December 7, 2008

Where Have All the Frobel Flowers Gone?


George and Martha Washington met John Jacob Frobel as a young boy after one of his musical performances in New York City in 1789. Impressed with his talent, the Washingtons encouraged Frobel to move to Mount Vernon. John Jacob Frobel was my husband's great-great-grandfather.

It wasn't until 1804 that John Jacob moved to Mt. Vernon to teach music to the nieces and nephews of Judge Bushrod and Anne Washington. Judge Bushrod Washington, the nephew of George, inherited Mount Vernon after Washington's death in 1799. John Jacob lived at Mount Vernon until 1809 when he moved to his Wilton Hill.

The Frobel home, Wilton Hill, was located near Mount Vernon on Franconia Road, only 2 1/2 miles from Alexandria, Virginia. The location of Wilton Hill was near the current site of Sharon Chapel. The Frobel family donated the land for Sharon Chapel in 1849, although the original building has been replaced.

Besides being a musician and piano teacher for Washington family, Frobel was also a plantsman. I have found one reference to John J. Frobel growing seed of a Camellia Japonica that he named 'Judge Bushrod Washington' for his friend.

The Civil War Diary of Anne S. Frobel is a compelling account of daily life at Wilton Hill during the Civil War. John Jacob's two daughters, Anne and Elizabeth, lived alone. The diary details their experiences during the war as well as aspects of living, and farming the land, at Wilton Hill. Anne's appreciation of her father's legacy through his gardens are apparent in this excerpt from her diary:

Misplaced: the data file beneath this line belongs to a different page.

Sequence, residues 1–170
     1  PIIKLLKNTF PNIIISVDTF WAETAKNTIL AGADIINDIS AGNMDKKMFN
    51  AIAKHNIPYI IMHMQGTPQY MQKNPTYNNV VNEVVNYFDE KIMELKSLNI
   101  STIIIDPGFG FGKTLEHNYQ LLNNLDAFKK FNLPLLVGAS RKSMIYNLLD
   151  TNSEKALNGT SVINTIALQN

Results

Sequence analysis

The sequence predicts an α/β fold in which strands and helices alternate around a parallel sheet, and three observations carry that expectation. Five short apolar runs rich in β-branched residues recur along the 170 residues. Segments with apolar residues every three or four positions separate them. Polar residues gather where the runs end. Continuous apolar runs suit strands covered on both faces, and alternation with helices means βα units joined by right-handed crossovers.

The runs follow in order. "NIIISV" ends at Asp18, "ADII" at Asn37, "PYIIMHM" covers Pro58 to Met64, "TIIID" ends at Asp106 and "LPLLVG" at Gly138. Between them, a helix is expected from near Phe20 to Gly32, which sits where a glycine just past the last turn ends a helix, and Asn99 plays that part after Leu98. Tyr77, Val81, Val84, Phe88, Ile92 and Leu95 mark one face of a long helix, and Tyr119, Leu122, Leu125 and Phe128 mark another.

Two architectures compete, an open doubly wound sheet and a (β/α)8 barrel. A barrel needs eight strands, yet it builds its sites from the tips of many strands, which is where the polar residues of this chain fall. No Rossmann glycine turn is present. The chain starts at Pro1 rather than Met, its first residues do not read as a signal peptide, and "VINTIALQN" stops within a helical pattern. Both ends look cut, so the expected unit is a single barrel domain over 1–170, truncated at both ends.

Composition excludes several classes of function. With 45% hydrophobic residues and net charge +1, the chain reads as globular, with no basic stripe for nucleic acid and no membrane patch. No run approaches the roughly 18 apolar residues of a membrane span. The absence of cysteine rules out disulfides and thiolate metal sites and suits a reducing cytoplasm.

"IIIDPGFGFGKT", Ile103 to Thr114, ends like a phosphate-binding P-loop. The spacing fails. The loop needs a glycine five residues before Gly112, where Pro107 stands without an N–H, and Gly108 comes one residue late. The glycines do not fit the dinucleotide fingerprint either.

May 24, 1861 Rose bright and lovely as any May morning ever dawned upon the earth, and every thing about and around us was as serene and peaceful as it could be, not a sound to brake the stillness but the songs of birds and hum of bees. The trees and plants had put on their lovliest spring attire, and the garden was resplendent with the bloom of rare and brilliant flowers, and the fields were all smiling with a bright prospect of an abundant harvest. The beautiful hedges all so evenly shorn, the little gravel paths so neat and clean, the smoothe velvet grass all glittering with dew drops. Every thing about the place was in order and shewed a high state of cultivation. I never saw "Wilton" my dear old home looking more lovely and inviting, and our little Bays when they came around with the carriage for us to take a ride into town, were as feisty and as playful and as fleet as the wind

There is also an account by "The Rambler" in The Sunday Star, Washington, DC on February 7, 1915 regarding Frobel's gardens at Wilton Hill. The article goes on to mention that there are stories of Frobel having assisted with the design in the gardens known as the Nellie Custis Gardens at Mount Vernon. The writer was gathering information from the neighbors of Wilton Hill. Included is this account of the importance of the Frobel gardens:
In many historic places in that neighborhood old men and women are forever pointing out to you some flower or shrub which they prize exceedingly high and they tell you it came from the gardens at Wilton.

I am fascinated with the gardens described by Anne Frobel in her diary and the accounts by "The Rambler" story. What plants were grown at Wilton Hill? Is there anyone, today, who has plants propagated from the Wilton Hill gardens?

Story by Freda Cameron.
Source: Lancaster, Mary H. and Dallas M. Lancaster. The Civil War Diary of Anne S. Frobel. McLean, Va: Friends of Fort Ward, 1992.

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Defining Your Home, Garden & Travel

Home, garden and travel tips by Freda Cameron

Freelance travel writer. My current fiction writing projects include a completed manuscript and several works in progress.

By the way, my name is pronounced fred-ah, not freed-ah. Thank you.

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